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Hoffmann, R. A wiki for the life sciences where authorship matters. Nature Genetics (2008)

Enhanced leukocyte HIF-1alpha and HIF-1 DNA binding in humans after rapid ascent to 4300 m.

Hypoxia plays a crucial role in the pathogenesis of a multitude of diseases and clinical conditions such as cancer, diabetes, cardiovascular disease, stroke, pulmonary disease, inflammation, organ transplant, and wound healing. Investigations into the role of hypoxia-inducible transcription factor (HIF) in disease development have been conducted with the basic premise that HIF is activated in vivo during hypoxia in humans, yet this basic physiologic premise has never verified. Thus, we hypothesized that HIF-1 DNA binding would be enhanced in vivo in humans in response to acute global hypoxia. Fourteen human subjects were exposed to normoxia (1600 m) and hypoxia (4300 m, approximately 12% O(2)) in a hypobaric hypoxic chamber (8 h). HIF-1 DNA binding and HIF-1alpha protein were evaluated in circulating leukocytes. Oxidative markers were evaluated by plasma metabolomics using nuclear magnetic resonance and by urinary 15-F(2t)-isoprostane concentrations. Leukocyte HIF-1 DNA binding was increased (p=0.007) and HIF-1alpha was greater during hypoxia compared to normoxia. Circulating total glutathione was reduced by 35% (p=0.001), and lactate and succinate were increased by 29 and 158%, respectively (p=0.007 and 0.001), as were urinary 15-F(2t)-isoprostanes (p=0.037). HIF-1 DNA binding and HIF-1alpha were elevated in vivo in leukocytes of healthy human subjects exposed to 12% oxygen, in association with plasma and urinary markers of hypoxic stress.[1]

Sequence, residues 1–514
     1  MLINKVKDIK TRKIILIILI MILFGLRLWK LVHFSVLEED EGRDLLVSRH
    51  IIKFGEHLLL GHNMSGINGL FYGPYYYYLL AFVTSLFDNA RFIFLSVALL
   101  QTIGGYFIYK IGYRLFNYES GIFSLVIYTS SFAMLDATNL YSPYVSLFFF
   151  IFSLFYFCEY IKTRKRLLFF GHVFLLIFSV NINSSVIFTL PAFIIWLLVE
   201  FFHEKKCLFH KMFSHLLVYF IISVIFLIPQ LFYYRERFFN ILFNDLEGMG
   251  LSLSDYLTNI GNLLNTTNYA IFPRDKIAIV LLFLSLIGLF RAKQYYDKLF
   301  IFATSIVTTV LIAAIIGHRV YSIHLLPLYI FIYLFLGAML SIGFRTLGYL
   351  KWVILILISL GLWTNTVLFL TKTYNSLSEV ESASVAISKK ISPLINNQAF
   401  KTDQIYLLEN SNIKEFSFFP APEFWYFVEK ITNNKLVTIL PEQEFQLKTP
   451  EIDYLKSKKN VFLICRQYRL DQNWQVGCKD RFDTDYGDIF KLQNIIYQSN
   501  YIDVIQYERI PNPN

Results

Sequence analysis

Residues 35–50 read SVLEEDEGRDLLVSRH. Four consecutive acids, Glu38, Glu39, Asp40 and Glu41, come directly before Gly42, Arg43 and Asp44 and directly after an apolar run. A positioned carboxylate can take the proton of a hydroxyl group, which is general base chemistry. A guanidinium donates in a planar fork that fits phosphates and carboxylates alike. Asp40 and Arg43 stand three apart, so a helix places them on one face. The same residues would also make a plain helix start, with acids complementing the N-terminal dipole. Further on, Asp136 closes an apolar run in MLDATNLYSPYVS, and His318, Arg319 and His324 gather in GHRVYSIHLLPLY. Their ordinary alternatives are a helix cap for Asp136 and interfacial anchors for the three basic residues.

1. Enhanced leukocyte HIF-1alpha and HIF-1 DNA binding in humans after rapid ascent to 4300 m. Tissot van Patot, M.C., Serkova, N.J., Haschke, M., Kominsky, D.J., Roach, R.C., Christians, U., Henthorn, T.K., Honigman, B. Free Radic. Biol. Med. (2009) [Pubmed]
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